The Assassination of Jesse James by the Coward Robert Ford is a very rare thing – an arthouse movie released by a major studio.
Based on Ron Hansen’s 1983 book, Brad Pitt stars as the infamous US outlaw in what is a slow, revisionist Western directed by Andrew Dominik. Think McCabe and Mrs Miller crossed with Days of Heaven mixed with Pat Garrett and Billy the Kid.
So how did Warner Bros end up financing and releasing it? Brad Pitt was a huge fan of Dominik’s first film – the brilliant Chopper – so when the director suggested adapting Hansen’s book, production went ahead.
It soon became apparent that this was not the film the studio was expecting – the release was delayed by up to a year after the star, director and studio were at loggerheads over the final cut.
When it eventually got released last Autumn, it had it had a number of admirers but didn’t do much busines. Despite a few award nominations (Brad Pitt won Best Actor at the Venice Film Festival) it will probably go down as a film the beancounters at Burbank regret making.
My feelings on seeing at the cinema were mixed. The dazzling technical achievements of the film and excellent performances were offset by the frustrating sense that this wasn’t the finished product. The narrative seemed too disjointed and although some people complained about the 160 minute running time, I would be keen to see a longer version that plugged some of the narrative gaps. The result was a film and story that just wasn’t as involving as it should have been.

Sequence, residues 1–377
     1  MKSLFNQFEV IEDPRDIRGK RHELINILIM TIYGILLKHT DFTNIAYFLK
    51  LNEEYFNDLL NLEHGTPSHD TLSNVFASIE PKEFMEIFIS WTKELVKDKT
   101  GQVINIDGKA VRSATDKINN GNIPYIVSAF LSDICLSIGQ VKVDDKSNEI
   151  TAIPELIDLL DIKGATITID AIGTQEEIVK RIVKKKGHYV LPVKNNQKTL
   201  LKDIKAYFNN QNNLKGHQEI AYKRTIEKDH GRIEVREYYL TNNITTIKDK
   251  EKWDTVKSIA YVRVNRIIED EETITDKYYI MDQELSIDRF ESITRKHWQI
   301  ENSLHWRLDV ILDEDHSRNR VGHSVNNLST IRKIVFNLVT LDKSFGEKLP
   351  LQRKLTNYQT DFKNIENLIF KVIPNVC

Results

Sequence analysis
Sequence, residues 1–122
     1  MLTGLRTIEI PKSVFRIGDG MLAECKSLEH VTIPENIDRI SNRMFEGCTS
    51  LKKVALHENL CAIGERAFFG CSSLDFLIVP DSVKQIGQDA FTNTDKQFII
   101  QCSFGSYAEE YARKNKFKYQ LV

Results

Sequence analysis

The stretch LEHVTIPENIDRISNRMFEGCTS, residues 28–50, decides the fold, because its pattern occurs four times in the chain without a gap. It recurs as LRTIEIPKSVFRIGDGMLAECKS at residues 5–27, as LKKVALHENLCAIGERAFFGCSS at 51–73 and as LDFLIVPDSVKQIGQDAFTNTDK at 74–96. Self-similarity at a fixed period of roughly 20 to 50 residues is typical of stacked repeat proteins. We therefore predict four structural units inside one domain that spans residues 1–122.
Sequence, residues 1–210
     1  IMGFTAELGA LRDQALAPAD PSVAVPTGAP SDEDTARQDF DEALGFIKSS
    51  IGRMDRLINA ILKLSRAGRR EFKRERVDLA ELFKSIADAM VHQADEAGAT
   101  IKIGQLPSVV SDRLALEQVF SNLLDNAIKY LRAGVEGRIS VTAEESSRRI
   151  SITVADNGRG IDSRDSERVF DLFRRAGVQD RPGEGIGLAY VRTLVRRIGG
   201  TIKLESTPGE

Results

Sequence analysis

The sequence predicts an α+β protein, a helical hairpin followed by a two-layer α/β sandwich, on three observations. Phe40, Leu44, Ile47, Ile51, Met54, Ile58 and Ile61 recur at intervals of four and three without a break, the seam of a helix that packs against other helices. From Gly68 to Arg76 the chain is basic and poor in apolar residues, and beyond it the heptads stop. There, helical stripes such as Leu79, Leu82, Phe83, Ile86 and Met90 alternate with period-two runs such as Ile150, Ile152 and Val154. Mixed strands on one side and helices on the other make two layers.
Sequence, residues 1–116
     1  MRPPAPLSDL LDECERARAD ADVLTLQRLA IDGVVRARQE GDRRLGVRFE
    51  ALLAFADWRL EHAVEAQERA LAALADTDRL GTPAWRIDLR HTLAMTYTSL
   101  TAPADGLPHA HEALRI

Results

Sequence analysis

But despite those problems, there is much to admire here. Roger Deakins’ cinematography is some of the best of his career as he manages to depict both the grime and beauty of the American West. This doesn’t really look like any other Western and some of the individual shots – such as the train robbery sequence – are breathtaking.
Added to this are some excellent performances. Brad Pitt doesn’t always get to show his acting chops, but here he gives his role just the right amount of charm, ruthlessness and mystery. Casey Affleck is equally good as the protege who betrays his idol, with his awkward deference masking a steely ambition. The supporting cast, which includes Sam Rockwell, Jeremy Renner, Mary Louise-Parker and Sam Shepherd, is also very good.
Disappointingly, the DVD is bereft of any significant extras. Although the 2-disc collector’s edition contains a beautifully illustrated 44-page booklet, the only extra is on the second disc. It is a 30 minute documentary called “Death of an Outlaw”, which examines the life and death of the real Jesse James and includes interviews with all the key cast and filmmakers.
Sadly, there is no commentary and although Dominik has said he is willing to do a director’s cut at some point in the future, I have a feeling that won’t see the light of day for a while. But despite that it remains a film worth revisiting on DVD becuase what’s good here is very, very good indeed.